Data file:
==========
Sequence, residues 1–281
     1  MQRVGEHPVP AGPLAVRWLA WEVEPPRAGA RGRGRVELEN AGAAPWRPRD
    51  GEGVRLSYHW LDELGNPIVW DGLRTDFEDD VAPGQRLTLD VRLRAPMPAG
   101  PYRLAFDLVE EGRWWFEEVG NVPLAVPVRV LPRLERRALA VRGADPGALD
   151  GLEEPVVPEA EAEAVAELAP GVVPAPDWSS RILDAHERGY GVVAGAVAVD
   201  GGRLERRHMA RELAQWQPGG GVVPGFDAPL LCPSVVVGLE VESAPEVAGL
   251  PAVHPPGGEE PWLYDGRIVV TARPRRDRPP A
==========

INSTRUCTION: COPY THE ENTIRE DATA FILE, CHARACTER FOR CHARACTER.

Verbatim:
Sequence, residues 1–281
     1  MQRVGEHPVP AGPLAVRWLA WEVEPPRAGA RGRGRVELEN AGAAPWRPRD
    51  GEGVRLSYHW LDELGNPIVW DGLRTDFEDD VAPGQRLTLD VRLRAPMPAG
   101  PYRLAFDLVE EGRWWFEEVG NVPLAVPVRV LPRLERRALA VRGADPGALD
   151  GLEEPVVPEA EAEAVAELAP GVVPAPDWSS RILDAHERGY GVVAGAVAVD
   201  GGRLERRHMA RELAQWQPGG GVVPGFDAPL LCPSVVVGLE VESAPEVAGL
   251  PAVHPPGGEE PWLYDGRIVV TARPRRDRPP A